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2008 Report on International Religious Freedom - Gambia, The

Publisher United States Department of State
Author Bureau of Democracy, Human Rights and Labor
Publication Date 19 September 2008
Cite as United States Department of State, 2008 Report on International Religious Freedom - Gambia, The, 19 September 2008, available at: http://www.refworld.org/docid/48d5cbb150.html [accessed 28 December 2014]
DisclaimerThis is not a UNHCR publication. UNHCR is not responsible for, nor does it necessarily endorse, its content. Any views expressed are solely those of the author or publisher and do not necessarily reflect those of UNHCR, the United Nations or its Member States.

Released by the Bureau of Democracy, Human Rights, and Labor

The Constitution provides for freedom of religion, and other laws and policies contributed to the generally free practice of religion.

The Government generally respected religious freedom in practice. There was no change in the status of respect for religious freedom by the Government during the period covered by this report.

There were a few isolated reports of societal abuse or discrimination based on religious affiliation, belief, or practice; prominent societal leaders took positive steps to promote religious freedom.

The U.S. Government discusses religious freedom with the Government as part of its overall policy to promote human rights.

Section I. Religious Demography

The country has an area of 4,361 square miles and a population of 1.7 million. Sunni Muslims constitute more than 90 percent of the population. The vast majority are Malikite Sufis, of which the main orders represented are Tijaniyah, Qadiriyah, and Muridiyah. Sufi orders pray together at common mosques. Members of the Ahmadiyya order are also represented, while a small percentage of Muslims, predominantly immigrants from South Asia, do not ascribe to any traditional Islamic school of thought.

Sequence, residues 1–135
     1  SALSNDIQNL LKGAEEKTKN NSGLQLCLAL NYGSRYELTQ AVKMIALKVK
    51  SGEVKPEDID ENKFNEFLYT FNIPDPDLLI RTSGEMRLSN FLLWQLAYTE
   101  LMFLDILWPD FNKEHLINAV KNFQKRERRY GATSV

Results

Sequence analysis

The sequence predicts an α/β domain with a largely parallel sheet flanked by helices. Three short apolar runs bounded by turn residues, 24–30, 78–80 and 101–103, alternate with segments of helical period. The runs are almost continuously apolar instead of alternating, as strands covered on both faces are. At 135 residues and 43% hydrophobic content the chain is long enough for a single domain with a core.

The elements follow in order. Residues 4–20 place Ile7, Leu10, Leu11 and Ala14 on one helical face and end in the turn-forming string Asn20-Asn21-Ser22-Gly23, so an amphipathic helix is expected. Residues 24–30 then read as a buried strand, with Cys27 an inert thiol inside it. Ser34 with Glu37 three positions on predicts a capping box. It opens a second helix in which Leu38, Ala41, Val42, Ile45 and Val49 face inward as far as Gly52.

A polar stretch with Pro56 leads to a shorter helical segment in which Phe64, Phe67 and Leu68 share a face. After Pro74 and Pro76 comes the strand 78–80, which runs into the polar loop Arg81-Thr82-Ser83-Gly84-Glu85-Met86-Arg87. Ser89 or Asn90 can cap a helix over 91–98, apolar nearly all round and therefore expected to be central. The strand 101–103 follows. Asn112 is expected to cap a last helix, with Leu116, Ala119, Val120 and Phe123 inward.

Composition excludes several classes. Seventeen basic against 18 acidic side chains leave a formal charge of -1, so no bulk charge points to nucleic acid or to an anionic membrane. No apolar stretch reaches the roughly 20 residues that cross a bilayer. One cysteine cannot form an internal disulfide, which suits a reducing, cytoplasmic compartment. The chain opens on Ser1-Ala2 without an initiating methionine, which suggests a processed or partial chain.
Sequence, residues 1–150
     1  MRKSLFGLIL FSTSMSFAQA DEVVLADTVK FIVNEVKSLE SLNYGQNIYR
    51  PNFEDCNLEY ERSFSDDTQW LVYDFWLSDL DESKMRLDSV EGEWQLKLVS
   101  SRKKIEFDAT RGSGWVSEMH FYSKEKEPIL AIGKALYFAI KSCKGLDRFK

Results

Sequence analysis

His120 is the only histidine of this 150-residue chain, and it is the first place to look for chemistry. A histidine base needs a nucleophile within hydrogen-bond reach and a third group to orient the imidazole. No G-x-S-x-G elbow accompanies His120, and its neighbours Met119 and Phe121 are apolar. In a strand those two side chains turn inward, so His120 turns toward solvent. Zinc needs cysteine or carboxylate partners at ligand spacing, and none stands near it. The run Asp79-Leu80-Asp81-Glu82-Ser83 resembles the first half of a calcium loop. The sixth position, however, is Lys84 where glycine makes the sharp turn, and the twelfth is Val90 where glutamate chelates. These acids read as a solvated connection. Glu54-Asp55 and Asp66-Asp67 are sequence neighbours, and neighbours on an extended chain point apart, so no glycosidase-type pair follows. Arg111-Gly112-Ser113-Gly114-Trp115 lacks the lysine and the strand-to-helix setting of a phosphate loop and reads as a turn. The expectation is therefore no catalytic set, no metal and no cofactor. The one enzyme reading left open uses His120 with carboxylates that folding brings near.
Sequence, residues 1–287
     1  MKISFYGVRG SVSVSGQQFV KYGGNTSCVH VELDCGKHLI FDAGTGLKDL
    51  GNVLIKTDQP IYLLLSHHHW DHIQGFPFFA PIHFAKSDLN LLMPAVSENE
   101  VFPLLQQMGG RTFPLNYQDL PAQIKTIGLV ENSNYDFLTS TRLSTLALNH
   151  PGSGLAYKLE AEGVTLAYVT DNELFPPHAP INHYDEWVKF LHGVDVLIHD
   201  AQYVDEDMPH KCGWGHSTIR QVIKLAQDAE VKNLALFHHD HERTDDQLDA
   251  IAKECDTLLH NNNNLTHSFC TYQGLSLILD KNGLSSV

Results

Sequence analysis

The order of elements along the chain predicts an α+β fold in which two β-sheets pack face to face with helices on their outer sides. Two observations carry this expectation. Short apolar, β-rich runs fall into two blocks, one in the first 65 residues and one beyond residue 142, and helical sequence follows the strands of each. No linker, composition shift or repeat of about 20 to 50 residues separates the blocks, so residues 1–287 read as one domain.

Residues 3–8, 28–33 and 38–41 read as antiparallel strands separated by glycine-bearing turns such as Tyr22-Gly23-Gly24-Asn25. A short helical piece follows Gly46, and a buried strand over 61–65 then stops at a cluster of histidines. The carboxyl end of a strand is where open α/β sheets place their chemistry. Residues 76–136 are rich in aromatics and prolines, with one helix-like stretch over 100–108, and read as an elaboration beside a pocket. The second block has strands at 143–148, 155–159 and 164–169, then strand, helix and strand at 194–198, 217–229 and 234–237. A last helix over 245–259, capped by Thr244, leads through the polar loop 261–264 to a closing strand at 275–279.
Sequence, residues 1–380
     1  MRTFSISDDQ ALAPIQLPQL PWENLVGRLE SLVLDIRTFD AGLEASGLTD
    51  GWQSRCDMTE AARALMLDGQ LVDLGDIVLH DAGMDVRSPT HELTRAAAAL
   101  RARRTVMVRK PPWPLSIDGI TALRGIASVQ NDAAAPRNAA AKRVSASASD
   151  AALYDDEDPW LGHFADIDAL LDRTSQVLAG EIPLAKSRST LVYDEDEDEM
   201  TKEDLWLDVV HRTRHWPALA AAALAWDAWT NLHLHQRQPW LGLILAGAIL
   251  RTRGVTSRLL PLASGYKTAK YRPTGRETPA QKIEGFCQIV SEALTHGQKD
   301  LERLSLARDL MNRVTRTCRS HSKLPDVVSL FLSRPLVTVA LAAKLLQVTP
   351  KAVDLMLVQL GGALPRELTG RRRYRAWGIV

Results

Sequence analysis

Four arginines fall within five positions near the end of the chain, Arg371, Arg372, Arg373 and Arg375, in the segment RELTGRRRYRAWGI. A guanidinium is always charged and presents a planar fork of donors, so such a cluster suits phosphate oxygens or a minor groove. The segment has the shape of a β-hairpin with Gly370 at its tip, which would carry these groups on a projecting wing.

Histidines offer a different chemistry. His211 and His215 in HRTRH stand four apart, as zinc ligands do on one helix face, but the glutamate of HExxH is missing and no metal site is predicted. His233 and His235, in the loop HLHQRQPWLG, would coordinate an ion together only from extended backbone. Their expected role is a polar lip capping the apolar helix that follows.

An estimated 9 percent of the population is Christian, and less than 1 percent practice indigenous animist religious beliefs. The Christian community, situated mostly in the west and south, is predominantly Roman Catholic; there are also Protestant groups including Anglicans, Methodists, Baptists, Seventh-day Adventists, Jehovah's Witnesses, and various small evangelical denominations. There is a small group of Baha'is, and a small community of Hindus among South Asian immigrants.

Intermarriage between Muslims and Christians is common. In some areas, Islam and Christianity are syncretized with animism.

Section II. Status of Religious Freedom

Legal/Policy Framework

The Constitution provides for freedom of religion, and other laws and policies contributed to the generally free practice of religion. The law at all levels protects this right in full against abuse, either by governmental or private actors.

The Constitution establishes Cadi courts in such places as the chief justice determines. The two Cadi courts sit in Banjul and Kanifing. Their jurisdiction applies only to marriage, divorce, and inheritance questions for Muslims. The Cadi courts apply traditional Islamic law.